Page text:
“The Flintstones” may now be considered historical fiction.
A new paper published in the journal Current Biology suggests that human ancestors lived with dinosaurs for a short time before the reptilian beasts went extinct.
An in-depth analysis of the fossil record for placental mammals — the group including humans, dogs and bats — has provided researchers with the answer to the long-debated question.
When an Earth-shattering asteroid hit 66 million years ago, the destruction killed all dinosaurs except for birds and other small animals, such as lizards and frogs, in an event that’s been dubbed the Cretaceous-Paleogene (K-Pg) mass extinction.
Palaeobiologists looked at statistical analysis of the fossil record to come to the conclusion that placental mammals did, in fact, exist prior to the catastrophic event.
“We pulled together thousands of fossils of placental mammals and were able to see the patterns of origination and extinction of the different groups,” lead author Emily Carlisle of Bristol’s School of Earth Sciences said. “Based on this, we could estimate when placental mammals evolved.”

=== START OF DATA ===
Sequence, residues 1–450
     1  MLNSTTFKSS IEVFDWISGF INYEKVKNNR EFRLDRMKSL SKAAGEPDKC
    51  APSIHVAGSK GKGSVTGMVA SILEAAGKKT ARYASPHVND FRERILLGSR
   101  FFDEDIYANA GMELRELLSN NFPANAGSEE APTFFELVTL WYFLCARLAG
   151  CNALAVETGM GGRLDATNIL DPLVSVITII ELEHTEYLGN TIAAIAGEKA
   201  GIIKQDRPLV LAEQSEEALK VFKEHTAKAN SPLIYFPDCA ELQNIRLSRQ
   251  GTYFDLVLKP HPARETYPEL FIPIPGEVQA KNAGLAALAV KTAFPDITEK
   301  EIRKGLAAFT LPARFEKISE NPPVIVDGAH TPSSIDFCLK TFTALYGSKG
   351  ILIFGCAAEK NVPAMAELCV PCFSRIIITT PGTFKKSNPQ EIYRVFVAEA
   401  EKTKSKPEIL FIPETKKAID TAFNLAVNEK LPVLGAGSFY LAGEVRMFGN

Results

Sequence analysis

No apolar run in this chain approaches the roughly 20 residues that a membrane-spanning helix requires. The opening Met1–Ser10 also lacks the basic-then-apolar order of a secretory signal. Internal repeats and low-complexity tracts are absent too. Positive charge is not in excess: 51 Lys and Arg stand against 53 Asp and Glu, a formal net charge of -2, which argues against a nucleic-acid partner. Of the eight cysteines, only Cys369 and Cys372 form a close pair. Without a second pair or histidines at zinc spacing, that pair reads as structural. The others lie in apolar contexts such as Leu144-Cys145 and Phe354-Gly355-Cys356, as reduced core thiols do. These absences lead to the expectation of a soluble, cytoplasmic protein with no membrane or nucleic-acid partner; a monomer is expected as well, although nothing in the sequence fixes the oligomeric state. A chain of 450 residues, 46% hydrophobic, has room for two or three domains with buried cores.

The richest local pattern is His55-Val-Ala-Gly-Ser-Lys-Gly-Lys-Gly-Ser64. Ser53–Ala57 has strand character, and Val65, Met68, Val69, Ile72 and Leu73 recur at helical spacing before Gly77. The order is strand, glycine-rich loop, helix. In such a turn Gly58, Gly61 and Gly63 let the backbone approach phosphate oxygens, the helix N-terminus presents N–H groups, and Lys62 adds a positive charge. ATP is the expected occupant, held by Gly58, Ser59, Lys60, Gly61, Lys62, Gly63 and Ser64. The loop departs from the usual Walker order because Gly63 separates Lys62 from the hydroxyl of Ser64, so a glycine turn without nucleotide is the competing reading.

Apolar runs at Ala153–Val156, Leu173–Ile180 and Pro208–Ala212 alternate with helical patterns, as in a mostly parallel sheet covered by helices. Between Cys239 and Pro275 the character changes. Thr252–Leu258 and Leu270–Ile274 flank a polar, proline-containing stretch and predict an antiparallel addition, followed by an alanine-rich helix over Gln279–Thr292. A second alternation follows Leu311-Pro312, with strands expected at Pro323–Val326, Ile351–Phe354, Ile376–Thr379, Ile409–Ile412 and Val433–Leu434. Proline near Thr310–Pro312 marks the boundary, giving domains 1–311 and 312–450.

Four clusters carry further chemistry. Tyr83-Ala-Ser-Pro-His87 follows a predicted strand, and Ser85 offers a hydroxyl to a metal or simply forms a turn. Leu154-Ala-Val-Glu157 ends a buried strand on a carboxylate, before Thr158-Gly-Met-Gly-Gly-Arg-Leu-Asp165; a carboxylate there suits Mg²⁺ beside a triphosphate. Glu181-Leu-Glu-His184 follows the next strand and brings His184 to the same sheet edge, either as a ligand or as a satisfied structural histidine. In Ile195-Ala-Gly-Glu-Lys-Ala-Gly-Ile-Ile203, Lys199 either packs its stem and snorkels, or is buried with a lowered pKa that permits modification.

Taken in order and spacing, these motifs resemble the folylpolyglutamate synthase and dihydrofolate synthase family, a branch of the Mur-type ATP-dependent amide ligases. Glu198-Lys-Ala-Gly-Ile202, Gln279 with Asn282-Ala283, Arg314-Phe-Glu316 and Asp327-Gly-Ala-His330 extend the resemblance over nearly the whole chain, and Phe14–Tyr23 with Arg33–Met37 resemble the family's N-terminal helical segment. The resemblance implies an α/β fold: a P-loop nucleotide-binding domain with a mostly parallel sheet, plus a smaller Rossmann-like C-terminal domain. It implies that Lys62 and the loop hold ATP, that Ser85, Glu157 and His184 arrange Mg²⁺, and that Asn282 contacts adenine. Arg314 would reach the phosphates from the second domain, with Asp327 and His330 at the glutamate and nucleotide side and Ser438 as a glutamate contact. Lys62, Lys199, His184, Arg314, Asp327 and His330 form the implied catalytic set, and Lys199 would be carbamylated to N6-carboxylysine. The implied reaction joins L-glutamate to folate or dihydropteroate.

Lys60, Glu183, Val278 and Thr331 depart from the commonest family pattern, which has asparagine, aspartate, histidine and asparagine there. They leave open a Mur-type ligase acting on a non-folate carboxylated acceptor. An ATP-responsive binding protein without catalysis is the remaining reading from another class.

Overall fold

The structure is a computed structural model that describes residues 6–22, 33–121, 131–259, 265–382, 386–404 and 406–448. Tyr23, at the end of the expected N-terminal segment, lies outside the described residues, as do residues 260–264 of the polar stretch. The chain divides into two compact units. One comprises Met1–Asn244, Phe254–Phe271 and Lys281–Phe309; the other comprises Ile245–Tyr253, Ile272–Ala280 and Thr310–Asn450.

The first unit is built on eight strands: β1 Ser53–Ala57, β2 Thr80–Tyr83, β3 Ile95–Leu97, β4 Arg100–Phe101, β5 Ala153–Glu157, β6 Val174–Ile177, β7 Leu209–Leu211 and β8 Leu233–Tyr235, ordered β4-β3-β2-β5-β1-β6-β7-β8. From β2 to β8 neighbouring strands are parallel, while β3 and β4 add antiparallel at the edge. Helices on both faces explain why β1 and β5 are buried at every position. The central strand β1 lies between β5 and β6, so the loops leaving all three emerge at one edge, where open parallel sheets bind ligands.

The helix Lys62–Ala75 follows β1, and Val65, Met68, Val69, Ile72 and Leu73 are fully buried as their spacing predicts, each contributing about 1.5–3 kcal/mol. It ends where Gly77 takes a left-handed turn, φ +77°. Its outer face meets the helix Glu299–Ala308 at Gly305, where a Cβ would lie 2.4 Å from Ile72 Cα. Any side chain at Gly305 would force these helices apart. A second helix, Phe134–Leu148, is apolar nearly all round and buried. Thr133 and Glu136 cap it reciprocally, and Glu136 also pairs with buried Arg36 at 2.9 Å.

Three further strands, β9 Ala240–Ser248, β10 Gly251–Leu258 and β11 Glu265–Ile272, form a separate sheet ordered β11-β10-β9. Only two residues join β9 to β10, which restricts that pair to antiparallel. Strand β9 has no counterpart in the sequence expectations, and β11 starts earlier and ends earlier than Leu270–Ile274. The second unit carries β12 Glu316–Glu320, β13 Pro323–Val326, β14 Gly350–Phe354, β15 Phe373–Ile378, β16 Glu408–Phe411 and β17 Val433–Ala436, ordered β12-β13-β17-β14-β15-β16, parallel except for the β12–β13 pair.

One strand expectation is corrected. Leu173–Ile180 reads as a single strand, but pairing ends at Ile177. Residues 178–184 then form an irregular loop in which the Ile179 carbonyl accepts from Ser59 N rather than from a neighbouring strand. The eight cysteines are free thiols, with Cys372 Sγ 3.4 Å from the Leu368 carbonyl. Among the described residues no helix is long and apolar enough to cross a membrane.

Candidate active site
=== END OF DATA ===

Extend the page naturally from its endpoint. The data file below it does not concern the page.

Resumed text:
The team discovered that Primates (the human lineage), Lagomorpha (rabbits and hares) and Carnivora (dogs and cats) evolved right before the mass extinction.
“The model we used estimates origination ages based on when lineages first appear in the fossil record and the pattern of species diversity through time for the lineage,” co-author Daniele Silvestro from the University of Fribourg shared.
Researchers believe that the lack of competition from dinosaurs allowed placental mammals to diversify and evolve.
“Unfortunately we don’t know what our placental mammal ancestors would have looked like back then,” Carlisle admitted. “Many of the earliest fossils of placental mammals are quite small creatures such as Purgatorius – an early ancestor of primates – which was a small burrowing creature a bit like a tree shrew. So it’s likely that many of our ancestors were small and squirrely.”